to submitting the withdrawal notice to Graduate Program Services.
Within the time limits described in Refund of Fees, approval of the
withdrawal entitles the student to a refund on a prorated basis.
No such refund may be claimed without the graduate dean's
In the event that a student fails to obtain satisfactory standings
or to make satisfactory progress either in coursework or in research,
the Board of Graduate Studies may require the student to withdraw (see Departmental Review). Registration will be cancelled as of a date specified by the
Board and an appropriate refund of fees authorized.
A student who withdraws from the university must return all
outstanding loans from the library immediately upon withdrawal,
regardless of the original due date. Any items not returned will be
declared lost and their cost will be charged to the student's account.
- Advisory Committee
In all cases, the student's program of study is established and
supervised by the advisory committee. Once the committee has been
approved, no changes may be made to its membership without the
written approval of the departmental graduate studies committee and
the consent of the dean of Graduate Studies.
- Establishment of Program
After examining the student's academic record, the committee
will arrange a program appropriate for the degree. The committee
will give due consideration to relevant courses passed by the student
at any recognized university or college and any necessary placement
examinations taken. The program will include prescribed studies on
the basis of which the candidate's final standing will be determined. It
may include additional courses either chosen by the student or
specified by the committee. The program established by the advisory
committee must be submitted for approval to the dean of Graduate
Studies no later than the beginning of the student's third semester.
- Changes in Program
Once the program of courses is established, changes may be
made, subject to the approval of the advisory committee, and
reported to the dean of Graduate Studies.
- Transfer of Academic Credit
On the recommendation of the advisor and with the approval of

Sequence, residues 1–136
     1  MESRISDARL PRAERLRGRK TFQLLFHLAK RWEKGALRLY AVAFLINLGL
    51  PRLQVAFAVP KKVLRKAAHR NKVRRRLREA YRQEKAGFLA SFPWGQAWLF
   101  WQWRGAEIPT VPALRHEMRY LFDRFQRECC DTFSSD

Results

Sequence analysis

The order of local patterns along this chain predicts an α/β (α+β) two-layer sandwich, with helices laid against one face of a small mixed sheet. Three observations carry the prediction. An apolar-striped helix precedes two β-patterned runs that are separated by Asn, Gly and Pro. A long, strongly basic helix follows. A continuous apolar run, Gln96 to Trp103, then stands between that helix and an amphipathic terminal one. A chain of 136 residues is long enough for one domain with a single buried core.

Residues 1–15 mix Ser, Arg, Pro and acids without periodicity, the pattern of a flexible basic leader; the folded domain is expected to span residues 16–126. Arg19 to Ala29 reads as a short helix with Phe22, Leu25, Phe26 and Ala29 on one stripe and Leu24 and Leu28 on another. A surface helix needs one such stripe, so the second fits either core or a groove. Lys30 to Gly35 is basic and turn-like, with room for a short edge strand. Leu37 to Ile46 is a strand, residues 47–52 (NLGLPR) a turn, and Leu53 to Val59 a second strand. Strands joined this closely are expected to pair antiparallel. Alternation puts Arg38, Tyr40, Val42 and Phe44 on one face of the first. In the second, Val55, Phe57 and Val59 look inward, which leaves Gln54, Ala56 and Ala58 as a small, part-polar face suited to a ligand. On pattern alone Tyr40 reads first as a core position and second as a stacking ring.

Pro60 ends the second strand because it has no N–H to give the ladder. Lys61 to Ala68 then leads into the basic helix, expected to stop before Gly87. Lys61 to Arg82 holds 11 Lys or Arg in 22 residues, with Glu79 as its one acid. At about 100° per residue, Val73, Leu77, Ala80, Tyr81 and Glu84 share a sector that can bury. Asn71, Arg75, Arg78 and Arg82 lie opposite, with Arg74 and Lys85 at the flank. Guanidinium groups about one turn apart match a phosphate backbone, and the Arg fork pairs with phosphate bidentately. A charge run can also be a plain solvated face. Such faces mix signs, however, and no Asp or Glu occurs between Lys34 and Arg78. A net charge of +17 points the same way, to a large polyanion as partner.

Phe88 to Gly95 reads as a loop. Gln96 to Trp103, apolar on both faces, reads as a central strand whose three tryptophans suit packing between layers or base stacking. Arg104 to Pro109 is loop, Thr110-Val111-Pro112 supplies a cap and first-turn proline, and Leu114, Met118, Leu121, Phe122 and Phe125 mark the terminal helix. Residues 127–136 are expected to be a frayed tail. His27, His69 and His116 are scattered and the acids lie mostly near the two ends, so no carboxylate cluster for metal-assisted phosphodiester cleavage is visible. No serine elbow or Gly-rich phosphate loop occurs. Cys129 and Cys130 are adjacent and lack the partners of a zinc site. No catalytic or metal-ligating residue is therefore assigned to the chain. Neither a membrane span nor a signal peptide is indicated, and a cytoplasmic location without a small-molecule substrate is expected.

the department chair and the dean of Graduate Studies, a graduate
student may take, and receive credit for, graduate courses at another
university. The arrangements for these courses must be made through
the dean of Graduate Studies or the dean's delegate.
- Seminar Courses, Practica and Internships
Either a numeric grade or a designation of satisfactory (SAT) or
unsatisfactory (UNS) may be used in evaluating the student's
performance in such courses.
- Major Paper
In all non-thesis programs, the major paper is assigned a course
number and appropriate credits. The course may extend over two
semesters and the student's performance may be indicated by a
numeric grade or a satisfactory (SAT) or unsatisfactory (UNS)
designation. A copy of the major paper must be deposited in the
department or school in which the student is registered.
- Auditor Privilege
With the consent of the advisory committee, the instructor and
the department chair concerned, a student may register for and audit
all or part of a course. It is understood that the student will attend
lectures as prescribed but will not write any examination or receive
any grade. Such a course may be recorded as an additional course,
identified by AUD. Note that courses offered through distance education (section DE) may not be audited.
- Language of Instruction
The English language is used for instruction, in the writing of
examinations, and in text books used at this university (except in
modern and classical languages). The thesis and other reports must